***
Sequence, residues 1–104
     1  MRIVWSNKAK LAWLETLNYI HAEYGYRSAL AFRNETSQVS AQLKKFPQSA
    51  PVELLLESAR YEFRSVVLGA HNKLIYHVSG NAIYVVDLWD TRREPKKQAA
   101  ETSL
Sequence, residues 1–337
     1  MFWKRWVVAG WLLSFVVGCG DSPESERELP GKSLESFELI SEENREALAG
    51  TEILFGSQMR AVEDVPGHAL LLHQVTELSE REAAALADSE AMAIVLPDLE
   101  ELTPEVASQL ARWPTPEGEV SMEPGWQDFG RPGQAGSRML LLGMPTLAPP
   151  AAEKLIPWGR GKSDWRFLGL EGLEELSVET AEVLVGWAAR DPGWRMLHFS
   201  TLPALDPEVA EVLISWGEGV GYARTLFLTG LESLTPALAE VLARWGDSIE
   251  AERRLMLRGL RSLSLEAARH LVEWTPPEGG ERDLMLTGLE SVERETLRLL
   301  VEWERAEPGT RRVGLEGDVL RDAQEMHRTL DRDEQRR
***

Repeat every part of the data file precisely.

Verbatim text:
Sequence, residues 1–104
     1  MRIVWSNKAK LAWLETLNYI HAEYGYRSAL AFRNETSQVS AQLKKFPQSA
    51  PVELLLESAR YEFRSVVLGA HNKLIYHVSG NAIYVVDLWD TRREPKKQAA
   101  ETSL
Sequence, residues 1–337
     1  MFWKRWVVAG WLLSFVVGCG DSPESERELP GKSLESFELI SEENREALAG
    51  TEILFGSQMR AVEDVPGHAL LLHQVTELSE REAAALADSE AMAIVLPDLE
   101  ELTPEVASQL ARWPTPEGEV SMEPGWQDFG RPGQAGSRML LLGMPTLAPP
   151  AAEKLIPWGR GKSDWRFLGL EGLEELSVET AEVLVGWAAR DPGWRMLHFS
   201  TLPALDPEVA EVLISWGEGV GYARTLFLTG LESLTPALAE VLARWGDSIE
   251  AERRLMLRGL RSLSLEAARH LVEWTPPEGG ERDLMLTGLE SVERETLRLL
   301  VEWERAEPGT RRVGLEGDVL RDAQEMHRTL DRDEQRR